With this article you have the complete guide to understanding what supplements should be used for. Click here to read about Phase 1 food supplements; and Phase 2 supplements. Read about Phase 3 supplements below.
Here are the highlights of the supplement guide of the UK based Awesome Supplements blog.
The final group is phase 3 products. These are only likely to benefit specific people, as opposed to phase 1 which would be great for anyone and phase 2 which are ideal for almost all gym-goers. These supplements will only be relevant for those with really specific goals.
Firstly, let’s discuss prolonged performance.
When you are exercising continuously for over an hour at a time, one problem that you risk facing is ‘hitting the wall’ – literally running out of fuel. You may face the same issue if you exercise intensely multiple times in the same day in quick succession. This is an acute situation where your body’s stored glucose is depleting so you fatigue extremely quickly. It’s best avoided by slowly drip feeding a multiple-transporter carbohydrate into your system. Carbohydrates need to be ‘transported’ into your blood from your digestive system after you consume them. The problem is if you only consume one kind of carbohydrate (say, glucose) you effectively limit the rate at which it can be absorbed because there is too much traffic.
Opting to combine glucose-based carbohydrates with fructose-based ones increases the rate at which carbohydrates can be absorbed, which doesn’t matter at all in day to day life but can make a huge difference when you need those carbohydrates right now. As such, a mixed intra-workout carbohydrate product is absolutely perfect for those who are performing continuously for over an hour, or for those who are doing something multiple times a day, such as someone doing high intensity and functional training for a competition or just having a hard training day. As a super cheap supplement, it really is a no-brainer.
For the more typical exerciser – the gym-goer looking to get stronger and build muscle – there are various substances that can be taken beforehand to improve some aspect of your training. Glycerine based products can, for example, hyper-hydrate you allowing you to get better muscle pumps, and they may also increase aerobic and anaerobic exercise performance. Similarly, betaine can increase work capacity and may help improve muscle size, while certain substances like Vitacholine (choline bitartrate) may improve endurance for maximal effort exercise. Overall the combination of these, such as you’d find in pre-workout can have a small but meaningful effect on your ability to perform at your best during a typical gym session, making it a great investment for those looking to squeeze the last few percentage points out of their workouts. This is especially the case for those training through exhaustion, such as high intensity and functional training athletes.
Finally, due to the extremely tough training sessions and competition situations faced by those with really specific and lofty goals, the importance of training performance is matched only by the importance of proper recovery from each session. After all, training hard and dominating the gym/track/field is useless if you can only do it once. Post workout protein shake supplementation is not necessary, but can certainly help speed up recovery, especially if you’re not going to eat for a while (someone looking to perform optimally and optimize body composition wants to aim for an intake of protein every 4-5 hours, so if you haven’t eaten for a while, and won’t for a while after the gym, a shake might be really helpful, only eating when convenient later).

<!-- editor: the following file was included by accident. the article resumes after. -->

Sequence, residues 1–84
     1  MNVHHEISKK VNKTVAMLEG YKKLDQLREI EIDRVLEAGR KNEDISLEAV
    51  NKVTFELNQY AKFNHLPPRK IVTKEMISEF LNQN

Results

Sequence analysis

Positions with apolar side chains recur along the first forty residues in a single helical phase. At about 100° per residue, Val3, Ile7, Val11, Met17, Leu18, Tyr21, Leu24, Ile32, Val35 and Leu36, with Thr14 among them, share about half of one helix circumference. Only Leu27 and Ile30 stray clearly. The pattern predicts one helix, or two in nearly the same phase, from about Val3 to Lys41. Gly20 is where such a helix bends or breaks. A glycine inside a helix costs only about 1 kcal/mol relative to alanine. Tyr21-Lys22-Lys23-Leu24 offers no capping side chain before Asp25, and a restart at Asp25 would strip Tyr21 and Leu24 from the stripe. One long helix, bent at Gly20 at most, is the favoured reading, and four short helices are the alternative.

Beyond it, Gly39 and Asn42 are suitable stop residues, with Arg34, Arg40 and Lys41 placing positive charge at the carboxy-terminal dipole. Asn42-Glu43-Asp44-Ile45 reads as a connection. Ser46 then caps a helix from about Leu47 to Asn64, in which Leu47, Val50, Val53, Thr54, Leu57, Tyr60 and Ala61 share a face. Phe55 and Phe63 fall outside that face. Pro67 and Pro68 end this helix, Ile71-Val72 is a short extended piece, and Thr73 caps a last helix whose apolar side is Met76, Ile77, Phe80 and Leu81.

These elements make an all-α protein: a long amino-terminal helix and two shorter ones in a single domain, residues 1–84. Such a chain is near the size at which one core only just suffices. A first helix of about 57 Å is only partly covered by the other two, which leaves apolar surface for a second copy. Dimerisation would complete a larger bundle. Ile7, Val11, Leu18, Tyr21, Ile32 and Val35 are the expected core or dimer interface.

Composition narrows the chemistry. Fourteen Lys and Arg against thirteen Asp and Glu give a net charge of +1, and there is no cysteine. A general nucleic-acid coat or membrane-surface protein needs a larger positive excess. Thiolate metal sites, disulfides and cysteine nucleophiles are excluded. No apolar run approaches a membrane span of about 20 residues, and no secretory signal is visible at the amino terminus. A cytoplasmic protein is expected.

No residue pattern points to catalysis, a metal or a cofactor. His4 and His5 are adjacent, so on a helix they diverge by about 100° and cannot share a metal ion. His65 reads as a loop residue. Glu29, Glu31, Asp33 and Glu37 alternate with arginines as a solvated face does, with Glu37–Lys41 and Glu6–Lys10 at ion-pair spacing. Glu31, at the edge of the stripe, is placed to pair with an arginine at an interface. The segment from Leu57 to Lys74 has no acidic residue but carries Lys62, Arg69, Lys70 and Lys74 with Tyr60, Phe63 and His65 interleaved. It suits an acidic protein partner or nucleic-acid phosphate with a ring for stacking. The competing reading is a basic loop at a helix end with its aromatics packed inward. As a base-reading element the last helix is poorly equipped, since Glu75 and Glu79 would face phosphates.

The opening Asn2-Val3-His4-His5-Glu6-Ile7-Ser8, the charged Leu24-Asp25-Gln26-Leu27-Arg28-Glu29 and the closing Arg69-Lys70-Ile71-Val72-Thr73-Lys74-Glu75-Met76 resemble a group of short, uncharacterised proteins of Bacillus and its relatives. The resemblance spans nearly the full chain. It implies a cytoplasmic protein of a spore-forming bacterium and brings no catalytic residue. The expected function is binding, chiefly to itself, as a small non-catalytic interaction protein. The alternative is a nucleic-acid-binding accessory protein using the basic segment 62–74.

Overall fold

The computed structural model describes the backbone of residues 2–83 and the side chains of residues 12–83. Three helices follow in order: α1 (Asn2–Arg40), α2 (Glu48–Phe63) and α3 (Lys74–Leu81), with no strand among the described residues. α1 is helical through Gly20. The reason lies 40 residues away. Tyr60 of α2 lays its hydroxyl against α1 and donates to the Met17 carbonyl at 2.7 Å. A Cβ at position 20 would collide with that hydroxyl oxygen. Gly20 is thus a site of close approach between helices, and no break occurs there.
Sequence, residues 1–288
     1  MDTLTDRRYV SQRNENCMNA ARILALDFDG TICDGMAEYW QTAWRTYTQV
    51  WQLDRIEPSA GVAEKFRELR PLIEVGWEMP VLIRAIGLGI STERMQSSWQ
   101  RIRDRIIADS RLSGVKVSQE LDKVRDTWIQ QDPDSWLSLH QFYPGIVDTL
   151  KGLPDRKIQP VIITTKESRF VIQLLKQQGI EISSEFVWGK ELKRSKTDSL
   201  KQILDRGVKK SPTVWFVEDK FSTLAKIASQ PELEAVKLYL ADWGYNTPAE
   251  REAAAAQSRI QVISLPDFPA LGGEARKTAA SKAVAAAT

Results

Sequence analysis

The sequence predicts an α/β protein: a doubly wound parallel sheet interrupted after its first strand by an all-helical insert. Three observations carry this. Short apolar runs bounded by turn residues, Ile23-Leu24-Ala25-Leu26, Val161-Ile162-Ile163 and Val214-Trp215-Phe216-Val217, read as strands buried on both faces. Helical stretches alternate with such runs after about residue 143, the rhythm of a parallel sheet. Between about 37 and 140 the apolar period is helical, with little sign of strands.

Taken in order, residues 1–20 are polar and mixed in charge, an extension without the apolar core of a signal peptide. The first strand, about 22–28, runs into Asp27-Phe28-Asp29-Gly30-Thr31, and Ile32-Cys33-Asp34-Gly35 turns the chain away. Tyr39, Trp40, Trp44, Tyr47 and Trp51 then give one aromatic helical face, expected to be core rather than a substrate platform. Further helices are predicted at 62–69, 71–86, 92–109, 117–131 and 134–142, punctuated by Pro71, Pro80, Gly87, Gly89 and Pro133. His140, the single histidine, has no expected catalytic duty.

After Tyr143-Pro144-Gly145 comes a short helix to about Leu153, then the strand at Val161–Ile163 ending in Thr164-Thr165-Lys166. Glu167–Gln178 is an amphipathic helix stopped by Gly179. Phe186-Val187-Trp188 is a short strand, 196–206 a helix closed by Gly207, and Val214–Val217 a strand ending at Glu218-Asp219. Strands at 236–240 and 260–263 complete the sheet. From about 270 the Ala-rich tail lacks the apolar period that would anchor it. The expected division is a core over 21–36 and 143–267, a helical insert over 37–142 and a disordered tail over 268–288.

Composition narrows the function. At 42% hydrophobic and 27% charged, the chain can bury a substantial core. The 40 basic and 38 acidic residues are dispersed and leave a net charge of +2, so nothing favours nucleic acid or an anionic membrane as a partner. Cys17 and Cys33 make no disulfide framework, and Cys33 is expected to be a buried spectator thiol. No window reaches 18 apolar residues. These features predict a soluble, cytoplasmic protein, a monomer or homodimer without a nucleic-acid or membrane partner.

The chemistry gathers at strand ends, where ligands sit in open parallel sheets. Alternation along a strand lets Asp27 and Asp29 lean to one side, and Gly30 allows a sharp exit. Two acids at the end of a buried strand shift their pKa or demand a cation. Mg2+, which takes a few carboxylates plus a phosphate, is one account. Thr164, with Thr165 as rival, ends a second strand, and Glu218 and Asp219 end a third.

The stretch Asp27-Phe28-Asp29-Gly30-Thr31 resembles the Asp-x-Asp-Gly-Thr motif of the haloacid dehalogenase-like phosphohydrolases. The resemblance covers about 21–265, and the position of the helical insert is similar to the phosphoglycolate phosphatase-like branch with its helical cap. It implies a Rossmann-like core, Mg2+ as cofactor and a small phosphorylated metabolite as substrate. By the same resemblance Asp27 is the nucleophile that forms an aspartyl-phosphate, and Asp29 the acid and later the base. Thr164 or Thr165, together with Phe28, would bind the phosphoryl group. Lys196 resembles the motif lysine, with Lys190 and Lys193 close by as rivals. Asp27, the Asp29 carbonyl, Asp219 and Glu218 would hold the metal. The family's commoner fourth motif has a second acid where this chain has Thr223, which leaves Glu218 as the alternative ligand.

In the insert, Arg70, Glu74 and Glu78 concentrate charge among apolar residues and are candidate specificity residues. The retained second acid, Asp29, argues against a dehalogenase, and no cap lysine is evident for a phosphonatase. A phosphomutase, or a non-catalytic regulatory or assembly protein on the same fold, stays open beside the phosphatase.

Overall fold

The final thing you may wish to consider is the more experimental products that are not so well researched but could be an interesting idea nonetheless. Transdermal (through the skin) magnesium application has been used for decades for muscle recovery in the form of Epsom salt baths and, more recently, high concentration magnesium oil that’s rubbed directly onto the muscles. The theory here is that magnesium is necessary for proper muscle contractions and is thus depleted during hard exercise. It of course needs to be replaced, and the best way to replace it is to do so directly to the areas used in training, as opposed to simply taking an oral supplement that needs to pass through the digestive tract. In this way the oils/bath salts work like a cream, seeping in through the pores and being transported to the local blood flow. While the research into this area is rudimentary to say the least, for generations users of magnesium oil have sworn by its ability to attenuate soreness and cramping.
Supplements are tools. This means that you don’t only need to find the ones that work, you need to find the right ones for the job – a sledgehammer and a screwdriver both ‘work’ but there’s certainly a better choice when you’re hanging a picture on your wall. Every athlete and non-athlete alike has different needs, goals and dietary shortfalls.
Don’t look at this guide as levels – it’s not that you need to master Phase 1 before you can move on to Phase 2 – but rather look at it as a hierarchy of priorities. Look to Phase 1 and decide if you need something, then Phase 2, then Phase 3, moving up in specificity as you go and keeping in line with your goals.